It never hurts to go back to basics and dig in to see where you can improve your events. One thing many planners always seem to be on the hunt for are more opportunities, techniques, and ideas for injecting a little more interactivity into their events in order to coax a little more engagement from their attendees. Sometimes all it takes is a little change in the way you format your sessions, the way you invite participation from your audience, or the time you give to your speakers to make things a little more dynamic. Here are a few ideas for your next meeting, conference, or event.
Quizzing, Polling, and Q&A’s
Instead of just picking a speaker or selecting a presenter and letting them spend their allotted time talking over another hum-drum PowerPoint, why not invite the audience to participate by taking a poll or even try quizzing them at the end of the session to ensure you’ve kept their attention. You can use a variety of apps and tools to seamlessly incorporate polling and quizzes into your sessions. Sli.do, SpotMe, PollEverywhere and countless event apps allow for session specific polling and can often be customized to suit your needs.
You might also consider switching things with a Q&A session. The typical Q&A session can be a quick (and often abrupt) end to a session when the speaker asks if there are any questions and the audience doesn’t respond, however, if you place it in the middle of a presentation, it can be a fantastic way to wake up your audience and invite a little participation. Even if the speaker doesn’t answer questions right away, the unexpected invitation to ask a question can act as a trigger to encourage audience members to speak up. If you’re looking for a handy tool for managing a Q&A session, you might look into Sli.do or Pigeonhole Live. Whichever tech you use, be sure to find something that can be seamlessly integrated into your event and includes features like audience voting to ensure that your speaker responds to the most pressing questions.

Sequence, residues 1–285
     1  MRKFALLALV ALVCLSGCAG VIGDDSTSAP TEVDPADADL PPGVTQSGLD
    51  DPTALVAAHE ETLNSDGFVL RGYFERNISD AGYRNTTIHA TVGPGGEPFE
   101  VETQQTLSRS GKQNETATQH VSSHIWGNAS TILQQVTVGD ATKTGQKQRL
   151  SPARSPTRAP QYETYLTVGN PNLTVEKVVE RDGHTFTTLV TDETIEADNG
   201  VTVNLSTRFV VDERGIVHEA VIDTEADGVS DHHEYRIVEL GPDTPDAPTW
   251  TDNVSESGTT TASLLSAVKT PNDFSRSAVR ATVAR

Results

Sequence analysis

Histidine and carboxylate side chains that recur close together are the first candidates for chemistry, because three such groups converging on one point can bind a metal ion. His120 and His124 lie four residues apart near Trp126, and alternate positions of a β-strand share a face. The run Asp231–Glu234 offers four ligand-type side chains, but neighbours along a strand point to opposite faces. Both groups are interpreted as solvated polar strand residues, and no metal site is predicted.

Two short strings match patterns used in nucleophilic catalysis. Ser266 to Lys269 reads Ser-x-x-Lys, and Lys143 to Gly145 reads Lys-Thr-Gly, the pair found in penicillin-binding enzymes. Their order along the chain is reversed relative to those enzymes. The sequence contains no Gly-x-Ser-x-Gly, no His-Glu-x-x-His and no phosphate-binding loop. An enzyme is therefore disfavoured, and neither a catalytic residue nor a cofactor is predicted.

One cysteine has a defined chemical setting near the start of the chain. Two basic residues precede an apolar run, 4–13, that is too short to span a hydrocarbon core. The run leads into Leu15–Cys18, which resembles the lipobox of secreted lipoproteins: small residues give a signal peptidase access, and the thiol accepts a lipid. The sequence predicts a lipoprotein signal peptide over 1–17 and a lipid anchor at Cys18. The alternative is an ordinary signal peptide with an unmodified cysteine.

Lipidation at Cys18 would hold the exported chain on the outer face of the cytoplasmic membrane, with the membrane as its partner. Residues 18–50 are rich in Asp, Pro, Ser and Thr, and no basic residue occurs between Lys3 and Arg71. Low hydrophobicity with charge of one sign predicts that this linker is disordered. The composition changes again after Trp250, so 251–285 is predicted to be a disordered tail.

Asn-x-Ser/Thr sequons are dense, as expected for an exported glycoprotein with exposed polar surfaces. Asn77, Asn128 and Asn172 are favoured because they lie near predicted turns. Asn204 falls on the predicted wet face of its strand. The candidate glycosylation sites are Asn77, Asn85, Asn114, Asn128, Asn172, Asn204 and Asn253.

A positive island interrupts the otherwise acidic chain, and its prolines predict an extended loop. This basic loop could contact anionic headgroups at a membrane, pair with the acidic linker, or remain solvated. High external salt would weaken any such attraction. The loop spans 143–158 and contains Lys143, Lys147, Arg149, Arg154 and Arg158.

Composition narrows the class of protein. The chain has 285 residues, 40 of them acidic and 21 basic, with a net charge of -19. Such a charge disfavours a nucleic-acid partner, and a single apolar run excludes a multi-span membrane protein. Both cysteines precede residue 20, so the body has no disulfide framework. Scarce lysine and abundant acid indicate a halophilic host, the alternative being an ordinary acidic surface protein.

Rearrange Your Seating and Toss the Mic (Literally)
Julius Solaris recently wrote about how poor planning can actually limit interaction during your sessions because no one wants to sit in the front row. One of his conclusions is that event planners could find a better way to arrange seating so that the pressure is on the speaker more than on the audience. If your audience feels comfortable, they’re much more likely to speak up and interact. One thing event planners might consider trying is breaking out of the standard classroom style session and experimenting with a “Fishbowl” or “Roundtable” format (or you could go really wild and try an Open Space Technology style format). These formats can be very effective for a number of reasons but one thing you’ll likely notice is that seating is typically more intimate and often in a circular pattern, this encourages your audience to interact more with the speaker(s) because it feels like a more conversational and informal setting.